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Canadian and European policy updates

In Monday’s issue of The Space Review, the same group of Canadians who published a detailed discussion of Canada’s future in space provide a condensed version. This version has the same theme: despite relatively small budgets compared to the US or Europe, Canada can take advantage of opportunities available now, provided the right goals and vision. This is particularly timely given the present uncertainty about the Canadian government: the Liberals and NDP have proposed a coalition government to oust the current Conservative government. If successful, that could mean, among other things, a greater role for one of the newest Liberal MPs, former astronaut and CSA president Marc Garneau.

Last week at ESA’s ministerial meeting, the space agency got pretty much everything on its wish list, from funding for a new Ariane 5 upper stage engine to a new series of Earth observation satellites under a joint program with the EU, GMES/Kopernikus. And while ministers didn’t fully fund ExoMars, ESA’s ambitious Mars rover mission, they did commit to enough funding that makes it possible to carry out the mission with international participation, either from the US or Russia. However, Taylor Dinerman argues in The Space Review that GMES/Kopernikus in particular gives ESA an uncomfortable dual civil-military role, since the satellites will have applications not just for Earth sciences but also security.

2 comments to Canadian and European policy updates

  • I agree with the authors of the Canadian report when they state “Canada has the resources and skills to perform groundbreaking work as a leader in space, provided that we use our resources creatively and are willing to adopt challenging and visionary goals. We have nearly limitless potential—now is our time to realize it.”

    However, their comments need to be taken in context with the specific suggestions for the future which are begining to percolate up from experts throughout Canada.

    In essense, the authors are requesting action that’s already happening and they are being overtaken by events.

    I again refer to the recent Canadian Space Summit where participants are begining to come forward with specific, concrete suggestions on what they feel should be part of Canadian space policy.

    For examples I refer to the following:

    CSCA’s presentation on why Canada needs its own independent launch capability and how this could be justified on national security, scientific and especially business grounds (for example, it would cost about as much as an extra Canadian icebreaker and would contribute far more towards policing the high arctic).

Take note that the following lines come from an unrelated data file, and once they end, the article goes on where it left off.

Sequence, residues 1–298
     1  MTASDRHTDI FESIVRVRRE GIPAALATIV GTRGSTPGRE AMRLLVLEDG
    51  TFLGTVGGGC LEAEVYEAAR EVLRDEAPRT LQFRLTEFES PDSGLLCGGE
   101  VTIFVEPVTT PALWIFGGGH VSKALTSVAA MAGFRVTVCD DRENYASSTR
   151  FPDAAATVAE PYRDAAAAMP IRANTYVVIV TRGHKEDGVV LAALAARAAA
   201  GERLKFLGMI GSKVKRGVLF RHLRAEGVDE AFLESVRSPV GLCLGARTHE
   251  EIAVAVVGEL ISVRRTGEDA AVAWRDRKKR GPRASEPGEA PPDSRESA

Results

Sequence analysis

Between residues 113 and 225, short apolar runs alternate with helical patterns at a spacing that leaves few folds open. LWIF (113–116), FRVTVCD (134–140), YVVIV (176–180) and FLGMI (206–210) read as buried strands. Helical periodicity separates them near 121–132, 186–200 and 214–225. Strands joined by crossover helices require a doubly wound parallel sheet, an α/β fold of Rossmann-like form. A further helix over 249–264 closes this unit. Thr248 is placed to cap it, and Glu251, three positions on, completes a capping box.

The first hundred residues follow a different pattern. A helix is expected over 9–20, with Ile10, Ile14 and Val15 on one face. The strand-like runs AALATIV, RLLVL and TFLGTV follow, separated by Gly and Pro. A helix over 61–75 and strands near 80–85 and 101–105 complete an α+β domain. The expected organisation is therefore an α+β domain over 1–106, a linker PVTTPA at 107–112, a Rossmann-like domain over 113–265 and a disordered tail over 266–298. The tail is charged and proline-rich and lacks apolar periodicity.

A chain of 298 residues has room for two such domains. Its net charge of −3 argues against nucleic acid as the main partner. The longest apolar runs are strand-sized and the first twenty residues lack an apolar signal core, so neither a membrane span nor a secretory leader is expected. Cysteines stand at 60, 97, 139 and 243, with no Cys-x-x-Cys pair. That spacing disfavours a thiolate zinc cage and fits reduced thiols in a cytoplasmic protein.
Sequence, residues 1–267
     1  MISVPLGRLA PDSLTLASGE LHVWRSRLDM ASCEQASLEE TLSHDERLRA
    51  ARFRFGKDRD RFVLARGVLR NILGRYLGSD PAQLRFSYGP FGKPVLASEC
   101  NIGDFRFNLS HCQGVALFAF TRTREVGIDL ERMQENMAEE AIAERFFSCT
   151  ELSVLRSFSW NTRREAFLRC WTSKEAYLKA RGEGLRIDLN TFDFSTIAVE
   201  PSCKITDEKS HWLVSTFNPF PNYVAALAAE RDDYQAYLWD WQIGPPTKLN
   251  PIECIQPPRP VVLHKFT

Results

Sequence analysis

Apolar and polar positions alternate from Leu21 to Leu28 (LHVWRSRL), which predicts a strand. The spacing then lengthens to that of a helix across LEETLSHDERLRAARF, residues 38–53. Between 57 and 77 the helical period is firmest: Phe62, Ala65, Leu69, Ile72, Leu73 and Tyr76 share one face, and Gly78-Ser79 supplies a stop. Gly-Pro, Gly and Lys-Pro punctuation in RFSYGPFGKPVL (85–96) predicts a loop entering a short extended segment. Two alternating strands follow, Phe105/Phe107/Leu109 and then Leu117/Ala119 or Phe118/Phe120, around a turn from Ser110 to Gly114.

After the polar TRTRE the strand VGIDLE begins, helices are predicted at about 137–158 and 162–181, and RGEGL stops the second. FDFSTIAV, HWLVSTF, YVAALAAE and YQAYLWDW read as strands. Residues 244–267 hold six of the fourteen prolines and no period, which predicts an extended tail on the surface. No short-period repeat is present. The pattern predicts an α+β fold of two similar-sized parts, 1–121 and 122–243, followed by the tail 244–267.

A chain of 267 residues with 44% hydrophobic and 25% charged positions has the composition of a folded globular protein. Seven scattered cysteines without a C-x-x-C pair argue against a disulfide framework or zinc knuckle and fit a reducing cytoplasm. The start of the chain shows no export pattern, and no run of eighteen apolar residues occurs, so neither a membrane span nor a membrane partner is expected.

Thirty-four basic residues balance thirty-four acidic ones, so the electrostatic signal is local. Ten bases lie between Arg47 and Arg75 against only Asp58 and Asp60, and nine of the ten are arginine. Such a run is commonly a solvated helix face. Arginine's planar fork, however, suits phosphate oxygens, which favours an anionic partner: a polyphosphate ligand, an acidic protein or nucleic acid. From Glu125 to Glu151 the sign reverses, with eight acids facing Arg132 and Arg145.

The presentation from an aerospace executive on how space based industries are essentially the R&D arm of aerospace and why Canadian aerospace industries are foolish to ignore this subset.

    The MDA presentation on “flow through tax credits” how they are presently used in the Canadian mining industry to fund high risk, high cost ventures with a long lead time for ROI and how their use for aerospace R&D could expand and grow Canadian space based research and development exponentially.

    The Rideau Group presentation on the present lack of a national space policy (which makes it difficult for industry to plan ahead) with a listing of the best politicians in Canada to talk with on aerospace R&D and industrial infrastructure issues.

    The conference link is at http://spacecommerce.ca/events/canadian-space-summit/ for anyone who’d like to take a look.

  • I’d just like to thank Chuck for his support, and for his work as one of the organizers the Canadian Space Summit. Unfortunately our group wasn’t able to get the report out in time to officially present it at the CSS, but it’s good to see that consensus is building within the Canadian space community on these important issues.

    Irrespective of suggestions for specific technology programs being advocated by individuals and organizations in industry, it is important that the Canadian Space Agency and the government officials who oversee it recognize the importance of renewal by publicly and pro-actively pursuing new and innovative strategies on the government’s side of space.

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